But when an acquaintance, another parent at my son’s school, recently told me I lost so much weight, I didn’t know how to react.  So I ignored it.  But she leaned in, waiting for a reply; maybe she thought I had some sort of magic answer about how to achieve weight loss. 

My instinct, and what I did, was tell this parent I had been sick and that was why I lost weight.  But that didn’t feel quite right to me.  And I don’t want to say “thank you.” 

Then, this comment (granted, it’s meant to be complimentary) just brings up more questions for me. 

I wonder — what did I look like before?  Did I need to lose weight?  Do I  look “better” now? 

In an ideal world, people wouldn’t casually comment on one another’s weight.  Unless I know a person is really working hard to lose weight, I never say a word.  If I know weight loss is a goal, and I can see a difference, I’ll offer encouragement and support and praise.  But otherwise, I remain quiet.  Because there are too many variables as to why someone may gain or lose weight. 

Really, the numbers on the scale don’t matter to me.  What matters is that I eat.  That I want to eat.  And that what I eat stays in. 


Tales of a Couple of Fourth Graders

My fourth-grade school picture

My son is a fourth-grader this year.  He went back to school yesterday.  We had an incredible summer, full of adventures, and laughter, and silliness, and learning.  Because I don’t believe those things are mutually exclusive.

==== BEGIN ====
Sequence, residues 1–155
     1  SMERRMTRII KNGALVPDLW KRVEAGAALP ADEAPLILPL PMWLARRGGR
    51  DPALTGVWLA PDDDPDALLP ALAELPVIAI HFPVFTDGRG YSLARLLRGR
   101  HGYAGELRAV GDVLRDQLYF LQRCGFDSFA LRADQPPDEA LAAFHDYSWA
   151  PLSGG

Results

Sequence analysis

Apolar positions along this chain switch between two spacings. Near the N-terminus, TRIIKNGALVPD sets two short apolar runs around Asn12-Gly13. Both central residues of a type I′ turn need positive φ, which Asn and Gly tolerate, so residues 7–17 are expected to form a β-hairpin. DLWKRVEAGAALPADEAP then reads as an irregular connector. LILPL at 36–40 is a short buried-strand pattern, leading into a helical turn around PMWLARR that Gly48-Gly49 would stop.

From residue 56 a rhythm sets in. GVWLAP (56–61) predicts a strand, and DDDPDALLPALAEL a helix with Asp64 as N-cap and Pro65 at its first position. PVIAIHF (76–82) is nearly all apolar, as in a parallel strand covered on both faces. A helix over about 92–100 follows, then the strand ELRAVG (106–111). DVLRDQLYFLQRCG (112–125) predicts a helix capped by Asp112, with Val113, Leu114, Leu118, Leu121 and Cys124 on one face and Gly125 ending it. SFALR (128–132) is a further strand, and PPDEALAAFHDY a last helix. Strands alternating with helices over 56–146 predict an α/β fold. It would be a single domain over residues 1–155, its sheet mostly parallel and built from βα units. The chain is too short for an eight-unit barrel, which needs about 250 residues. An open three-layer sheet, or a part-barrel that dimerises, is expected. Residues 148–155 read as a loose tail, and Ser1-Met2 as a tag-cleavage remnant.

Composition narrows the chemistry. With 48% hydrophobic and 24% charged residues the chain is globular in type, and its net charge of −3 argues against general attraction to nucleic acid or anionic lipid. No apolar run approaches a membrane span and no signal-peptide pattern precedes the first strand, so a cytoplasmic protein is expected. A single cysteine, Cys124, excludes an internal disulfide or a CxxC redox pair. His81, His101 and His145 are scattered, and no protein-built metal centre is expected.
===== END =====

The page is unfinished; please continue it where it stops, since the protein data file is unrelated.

I’m feeling a range of emotions about Ryan being a fourth-grader.  For one, he’s a fourth-grader!  As in, look how fast this is happening!  And secondly, he’s a fourth-grader, and six of my twelve years as a teacher were spent teaching fourth grade.

I didn’t like my fourth grade teacher.  She scared me.  She made me think that making mistakes was bad.  She would hold up my papers and show the class the errors I had made.  She used to have me wait in line at lunch time, to buy her a lunch at the student rate.  (Even though I always brought a lunch from home).  She gave me her home phone number and often asked me to call her and remind her of things to bring to class.  And I never said no.

When I became a fourth grade teacher, I was nervous about the change in curriculum, the larger class size.  But mostly I was scared of doing it wrong.  And that’s what Mrs. E. did teach me — what not to do as a teacher.

But now it’s Ryan’s turn.  And after a summer spent exploring a presidential library and walking onboard Air Force One, after a summer of reading, and bike riding, after a summer of questions and wonderings, I wish for him a school year of adventures, and laughter, and silliness, and learning.

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More publication news! My personal essay, “My Son Is Already Becoming My Caretaker – And It’s Both Heartbreaking and Inspiring,” has recently been published at  You can click here to read it.

The All-American Transcontinental Total Solar Eclipse

We’ve got some big days coming up this month.  Los Angeles Unified School District starts the new school year on August 15th!

And the week after that, on August 21st, our whole country will be looking to the sky to witness the All-American Transcontinental Total Solar Eclipse.  Here in Los Angeles, we won’t be able to view the total eclipse, but we’re still fortunate to catch a partial eclipse.  Click here to read my post “Everything You Need to Know About the Total Solar Eclipse” at